Them and Us

John K Clark (
Thu, 28 Aug 1997 10:38:22 -0700 (PDT)


"den Otter" <> On Wed, 27 Aug 1997 Wrote:

>Intercontinental travel will probably remain relatively slow and
>cumbersome for a long time to come,

Slow relative to what, Star Trek? Travel has never been cheaper in the
history of the human race and it's getting cheaper, but that's nothing
compared to what's happening in communication. Trying to keep people in their
place, in the same little pigeonholes they've been stuck in for centuries is
just not going to work.

>and way beyond the financial capabilities of your "dollar an hour"
>people. In other words: if you want cheap workers, they'll have to
>live relatively nearby.

Where the people who work for me want to live is up to them not me. Obviously
if they don't like to travel and they don't want to live near me then there
could be a problem, unless they tele-commute.

>Since most of the good spots are already taken by the more fortunate

All spots are only as good as what people make them to be.

>this means heavy concentration in shitty areas, which traditionally
>are a source of crime and unrest.

I remind you that the worst crime of this or any other century was committed
by a gang of thugs from a white tribe.

>Before you know it you'll have apartheid and the like.

Apartheid was precisely why the immigration policy of South Africa caused
unrest. If the law says that you don't have as many rights as I do because
you have more pigment in your skin than me, then it doesn't take a brain
surgeon to figure out that it will cause unrest.

>>As for cultural differences preventing free immigration, if I found
>>a culture to be unpleasant then I wouldn't want to go to that land,
>>if I didn't then I would. What's the problem?

>The problem is others (less "fortunate" than yourself) coming to *you*.

As long as I'm not forced by taxes to support these people then I don't see
the "problem", and if they want to come here then they must not dislike my
culture all that much.

>If immigration really was totally free, all successful places would
>be overrun even faster by masses of poor immigrants (in your case
>wave upon wave of Mexicans, I guess).

Today virtually any Mexican who wants to live in the USA can, it's illegal
but that's a small point. Indeed many Mexicans do just that, they want to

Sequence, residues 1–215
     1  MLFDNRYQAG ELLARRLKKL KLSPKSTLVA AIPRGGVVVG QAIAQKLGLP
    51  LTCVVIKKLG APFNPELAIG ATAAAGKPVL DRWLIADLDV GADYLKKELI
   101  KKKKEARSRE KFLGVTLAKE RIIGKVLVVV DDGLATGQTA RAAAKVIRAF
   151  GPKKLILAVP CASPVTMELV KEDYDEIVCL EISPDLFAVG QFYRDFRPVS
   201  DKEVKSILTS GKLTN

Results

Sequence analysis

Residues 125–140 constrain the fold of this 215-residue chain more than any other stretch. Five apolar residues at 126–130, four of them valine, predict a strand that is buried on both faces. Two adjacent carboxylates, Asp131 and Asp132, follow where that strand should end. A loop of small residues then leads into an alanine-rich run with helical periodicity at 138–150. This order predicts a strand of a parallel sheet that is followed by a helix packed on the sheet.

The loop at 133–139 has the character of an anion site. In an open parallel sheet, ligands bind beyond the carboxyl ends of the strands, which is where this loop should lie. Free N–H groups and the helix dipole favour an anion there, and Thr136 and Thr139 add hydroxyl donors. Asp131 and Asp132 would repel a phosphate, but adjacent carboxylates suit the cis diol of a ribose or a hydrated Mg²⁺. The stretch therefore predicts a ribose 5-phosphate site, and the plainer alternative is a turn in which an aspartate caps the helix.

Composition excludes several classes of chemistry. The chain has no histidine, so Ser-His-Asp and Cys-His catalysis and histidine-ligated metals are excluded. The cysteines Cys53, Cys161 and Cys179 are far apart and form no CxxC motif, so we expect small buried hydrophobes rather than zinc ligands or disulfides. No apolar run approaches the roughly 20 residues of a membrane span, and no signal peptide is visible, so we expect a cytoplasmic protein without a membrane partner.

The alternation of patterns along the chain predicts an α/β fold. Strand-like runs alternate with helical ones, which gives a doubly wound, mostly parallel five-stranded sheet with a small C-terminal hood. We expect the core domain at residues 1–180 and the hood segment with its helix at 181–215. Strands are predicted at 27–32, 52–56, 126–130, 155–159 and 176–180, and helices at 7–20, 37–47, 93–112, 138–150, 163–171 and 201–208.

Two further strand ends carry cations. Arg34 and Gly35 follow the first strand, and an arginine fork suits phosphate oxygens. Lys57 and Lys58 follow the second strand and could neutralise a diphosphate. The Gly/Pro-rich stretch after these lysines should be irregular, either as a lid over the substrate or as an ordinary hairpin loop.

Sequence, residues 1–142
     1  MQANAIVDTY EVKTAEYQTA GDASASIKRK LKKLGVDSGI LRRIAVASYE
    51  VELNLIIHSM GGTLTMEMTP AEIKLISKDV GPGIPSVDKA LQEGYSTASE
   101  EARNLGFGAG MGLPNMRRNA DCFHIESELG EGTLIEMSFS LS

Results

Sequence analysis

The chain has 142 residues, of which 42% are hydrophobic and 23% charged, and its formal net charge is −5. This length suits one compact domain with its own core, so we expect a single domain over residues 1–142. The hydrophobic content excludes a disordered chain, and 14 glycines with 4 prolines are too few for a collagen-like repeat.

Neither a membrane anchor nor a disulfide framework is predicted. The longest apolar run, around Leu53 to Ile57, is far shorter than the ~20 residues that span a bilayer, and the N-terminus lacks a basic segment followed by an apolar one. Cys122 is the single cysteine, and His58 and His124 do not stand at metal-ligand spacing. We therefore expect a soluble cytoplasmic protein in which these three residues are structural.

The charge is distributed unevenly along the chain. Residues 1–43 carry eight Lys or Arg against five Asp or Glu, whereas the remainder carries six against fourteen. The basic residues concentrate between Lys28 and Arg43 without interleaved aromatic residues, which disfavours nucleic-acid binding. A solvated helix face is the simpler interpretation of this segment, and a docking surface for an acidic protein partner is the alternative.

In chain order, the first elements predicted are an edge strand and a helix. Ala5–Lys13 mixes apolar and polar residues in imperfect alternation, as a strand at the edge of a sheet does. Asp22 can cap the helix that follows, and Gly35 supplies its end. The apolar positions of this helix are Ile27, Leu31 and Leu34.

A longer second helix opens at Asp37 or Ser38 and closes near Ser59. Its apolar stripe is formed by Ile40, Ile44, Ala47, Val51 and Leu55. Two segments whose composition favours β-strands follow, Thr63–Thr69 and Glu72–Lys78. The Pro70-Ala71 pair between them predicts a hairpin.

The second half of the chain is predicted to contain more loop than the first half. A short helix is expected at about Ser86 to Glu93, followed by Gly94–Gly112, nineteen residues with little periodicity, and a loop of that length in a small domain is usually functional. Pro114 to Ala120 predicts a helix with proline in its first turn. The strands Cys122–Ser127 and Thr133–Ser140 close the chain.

live here because the welfare is so nice, and this delights me because it's
destroying the system. If we didn't have welfare then they would only come
if they could get a job and become productive, and what on Earth is wrong
with that?

>In the ever more automated modern society there [is] will simply not
>be enough work for all these people

Not at minimum wage, but there could be at a dollar an hour, and if not then
they won't come here because there would be no reason for them to do so.

>The "private protection agencies" will probably evolve into *states*,
>with their own "turf" (country), "protection money" (taxes) etc.

States claim rights that individuals or corporations don't have, even if the
advantage is small at the beginning they use it to gain more power and soon a
monster has evolved. Private Protection Agencies (PPA) have no rights an
individual doesn't have and if they tried to get more the competing PPA's
would not like it. The aggressive PPA would need a large very expensive army
to enforce its edicts and that means it would have to charge a higher premium
for its services and that means customers would drop them like a hot potato
and go with another agency, they wouldn't be thrilled about turning their
front yard into a war zone either. No money no army.

Also, the leaders of countries tend to the sort of people who like to have
power over people, the CEO of successful private protection agencies would be
the sort of people who are more interested in making money than saving face,
if not the stockholders of the agency would be very unhappy, they'd dump him
and find somebody who can make money not glory for them. It's a fact,
stockholders don't give a damn about glory, they want cash.

There is yet another safeguard, the instant a PPA starts acting in a
totalitarian way, shut off it's money supply, go to a competitor and stop its
cancerous growth in the bud. That is a powerful tool that we don't have today,
you are forced to keep sending money to your country even if you hate what
it's doing.

Does all this prove that a PPA can never turn into Big Brother? Of course not,
we're talking about human relationships not something simple like mathematics,
but I think it does show that it would be more unlikely to turn bad than our
present institutions.

>you might end up with a truly medieval "city state" scenario, with
>bands of thugs roaming the countryside, despotic rulers, lots of
>small wars

Medieval? It sounds like you're reading the morning newspaper.

>You must be wise indeed.

Yes, modest too.

John K Clark

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